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Use the word "talk" when a person speaks. The words "talk" and "speak" are similar, but they can’t always be used in exactly the same ways:

  • I’d like to talk with you. (I’d like to speak with you.)
  • She wants to talk to a doctor. (She wants to speak to a doctor.)
  • Let’s talk.
  • Would you like to talk about this?
  • The teacher talked to the student about his behavior in class.
  • The student was talked to. (passive voice)
  • Are you talking on the phone?
  • That guy really knows how to talk. (He talks a lot)


They’re talking to each other.

A person who talks a lot is talkative. The word "talkative" is an adjective:

  • Sherry is too talkative in class, so the teacher moved her to a different seat.
  • Ralph isn’t very talkative tonight because of something that happened today at work.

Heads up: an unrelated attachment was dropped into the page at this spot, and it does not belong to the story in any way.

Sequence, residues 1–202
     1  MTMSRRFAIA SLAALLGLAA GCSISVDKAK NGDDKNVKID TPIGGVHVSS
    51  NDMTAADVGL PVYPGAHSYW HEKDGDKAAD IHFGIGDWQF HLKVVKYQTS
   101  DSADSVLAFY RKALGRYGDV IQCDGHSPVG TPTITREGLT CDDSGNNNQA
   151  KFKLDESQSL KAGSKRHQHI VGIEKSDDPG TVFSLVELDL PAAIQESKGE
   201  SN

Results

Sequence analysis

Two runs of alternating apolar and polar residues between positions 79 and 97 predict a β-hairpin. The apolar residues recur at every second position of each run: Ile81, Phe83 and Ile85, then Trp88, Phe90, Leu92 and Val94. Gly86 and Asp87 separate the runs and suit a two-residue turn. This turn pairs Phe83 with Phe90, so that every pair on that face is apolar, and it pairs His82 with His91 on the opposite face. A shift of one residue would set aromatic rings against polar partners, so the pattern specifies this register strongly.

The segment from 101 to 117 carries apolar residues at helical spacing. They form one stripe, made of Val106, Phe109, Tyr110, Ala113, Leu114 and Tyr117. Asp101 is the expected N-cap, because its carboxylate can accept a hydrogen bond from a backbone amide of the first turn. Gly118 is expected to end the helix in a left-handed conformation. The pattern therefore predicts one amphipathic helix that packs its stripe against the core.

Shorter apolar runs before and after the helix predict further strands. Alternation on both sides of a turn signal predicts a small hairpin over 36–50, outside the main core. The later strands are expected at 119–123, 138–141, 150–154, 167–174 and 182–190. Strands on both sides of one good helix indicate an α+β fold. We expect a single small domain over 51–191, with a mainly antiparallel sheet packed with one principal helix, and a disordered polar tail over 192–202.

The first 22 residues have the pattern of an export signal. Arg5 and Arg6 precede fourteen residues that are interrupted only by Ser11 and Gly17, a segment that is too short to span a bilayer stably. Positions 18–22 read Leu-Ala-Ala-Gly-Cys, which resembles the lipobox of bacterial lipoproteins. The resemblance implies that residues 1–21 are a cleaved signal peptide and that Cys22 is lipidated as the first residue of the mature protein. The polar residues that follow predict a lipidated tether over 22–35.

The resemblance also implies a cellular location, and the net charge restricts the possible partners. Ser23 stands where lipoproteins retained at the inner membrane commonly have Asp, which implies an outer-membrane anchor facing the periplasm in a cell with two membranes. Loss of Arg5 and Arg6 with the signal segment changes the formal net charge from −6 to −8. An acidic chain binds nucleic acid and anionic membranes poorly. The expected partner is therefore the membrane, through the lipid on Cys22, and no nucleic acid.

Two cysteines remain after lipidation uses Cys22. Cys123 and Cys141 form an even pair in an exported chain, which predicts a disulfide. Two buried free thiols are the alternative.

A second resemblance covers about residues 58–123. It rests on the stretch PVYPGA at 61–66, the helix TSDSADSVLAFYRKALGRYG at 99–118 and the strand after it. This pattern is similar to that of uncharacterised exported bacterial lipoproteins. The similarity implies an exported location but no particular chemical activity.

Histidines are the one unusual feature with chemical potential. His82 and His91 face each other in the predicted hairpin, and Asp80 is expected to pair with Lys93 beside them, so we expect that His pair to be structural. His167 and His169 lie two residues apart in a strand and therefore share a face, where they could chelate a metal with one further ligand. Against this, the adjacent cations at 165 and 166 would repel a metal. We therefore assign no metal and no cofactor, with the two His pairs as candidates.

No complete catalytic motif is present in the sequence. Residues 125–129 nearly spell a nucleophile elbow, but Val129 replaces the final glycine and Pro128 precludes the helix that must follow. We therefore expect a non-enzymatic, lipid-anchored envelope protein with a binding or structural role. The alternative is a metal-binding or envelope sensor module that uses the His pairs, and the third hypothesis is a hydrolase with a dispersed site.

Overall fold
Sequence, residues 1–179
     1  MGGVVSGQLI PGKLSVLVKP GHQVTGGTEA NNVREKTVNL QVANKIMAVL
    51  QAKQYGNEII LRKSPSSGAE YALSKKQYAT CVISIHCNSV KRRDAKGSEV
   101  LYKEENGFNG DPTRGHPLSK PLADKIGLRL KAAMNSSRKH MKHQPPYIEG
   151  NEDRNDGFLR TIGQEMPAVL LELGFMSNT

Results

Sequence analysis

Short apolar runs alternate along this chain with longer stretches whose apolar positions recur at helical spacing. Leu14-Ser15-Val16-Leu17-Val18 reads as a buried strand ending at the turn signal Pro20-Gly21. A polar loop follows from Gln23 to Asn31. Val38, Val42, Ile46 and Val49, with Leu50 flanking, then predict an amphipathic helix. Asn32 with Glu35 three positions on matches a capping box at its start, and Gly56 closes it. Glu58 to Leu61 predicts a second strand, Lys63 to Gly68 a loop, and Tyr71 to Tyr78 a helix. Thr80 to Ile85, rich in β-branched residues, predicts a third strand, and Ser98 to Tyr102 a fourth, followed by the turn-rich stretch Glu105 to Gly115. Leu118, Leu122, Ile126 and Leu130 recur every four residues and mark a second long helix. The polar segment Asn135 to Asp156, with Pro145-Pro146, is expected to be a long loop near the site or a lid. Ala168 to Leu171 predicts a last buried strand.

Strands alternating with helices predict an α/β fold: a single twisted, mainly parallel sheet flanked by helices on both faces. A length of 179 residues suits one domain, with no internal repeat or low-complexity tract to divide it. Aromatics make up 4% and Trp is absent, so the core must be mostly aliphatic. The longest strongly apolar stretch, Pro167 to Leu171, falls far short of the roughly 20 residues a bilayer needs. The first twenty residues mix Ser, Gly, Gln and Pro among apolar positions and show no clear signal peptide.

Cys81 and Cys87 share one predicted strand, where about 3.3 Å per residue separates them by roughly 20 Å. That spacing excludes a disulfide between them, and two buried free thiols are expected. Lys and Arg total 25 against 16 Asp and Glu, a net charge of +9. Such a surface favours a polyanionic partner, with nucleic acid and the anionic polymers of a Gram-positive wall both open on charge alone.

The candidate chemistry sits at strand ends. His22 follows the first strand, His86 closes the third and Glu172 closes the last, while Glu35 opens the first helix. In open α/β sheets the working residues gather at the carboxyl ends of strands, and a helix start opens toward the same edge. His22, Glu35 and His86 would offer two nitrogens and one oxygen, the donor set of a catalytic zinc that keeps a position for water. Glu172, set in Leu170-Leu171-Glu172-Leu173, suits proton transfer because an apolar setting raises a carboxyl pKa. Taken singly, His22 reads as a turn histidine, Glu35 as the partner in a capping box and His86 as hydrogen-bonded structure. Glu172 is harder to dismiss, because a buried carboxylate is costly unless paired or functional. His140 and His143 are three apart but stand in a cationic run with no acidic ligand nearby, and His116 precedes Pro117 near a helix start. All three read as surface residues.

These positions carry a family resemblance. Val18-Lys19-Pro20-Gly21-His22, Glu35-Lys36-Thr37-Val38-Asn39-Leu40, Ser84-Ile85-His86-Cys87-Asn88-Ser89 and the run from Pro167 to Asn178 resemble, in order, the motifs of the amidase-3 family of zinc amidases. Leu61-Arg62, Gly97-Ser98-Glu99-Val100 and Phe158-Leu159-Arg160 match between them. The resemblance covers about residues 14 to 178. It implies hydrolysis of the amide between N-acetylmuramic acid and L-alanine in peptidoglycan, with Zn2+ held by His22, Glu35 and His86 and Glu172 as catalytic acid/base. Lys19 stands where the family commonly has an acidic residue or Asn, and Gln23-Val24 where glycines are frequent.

The word "talk" may be used in some unusual ways when it’s used as a noun:

  • The teacher gave the boy a good talking to. (She gave him a verbal reprimand or punishment.)
  • The professor gave a talk on nutrition. (talk = lecture)
  • She gave a good talk.
  • If you’re going to talk the talk, you have to walk the walk. (If you say your going to do something, you actually have to do it.)
  • That’s just a lot of talk. (People are saying something mean about someone, but it might not be true.)
  • There’s been a lot of talk around the office about Regina and Steve. (talk = gossip)
  • He’s a big talker.
  • He’s all talk and no action.

Note: You can say that a person "knows how to speak English," but don’t say a person "knows how to talk English."


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Date of publication: September 28, 2016



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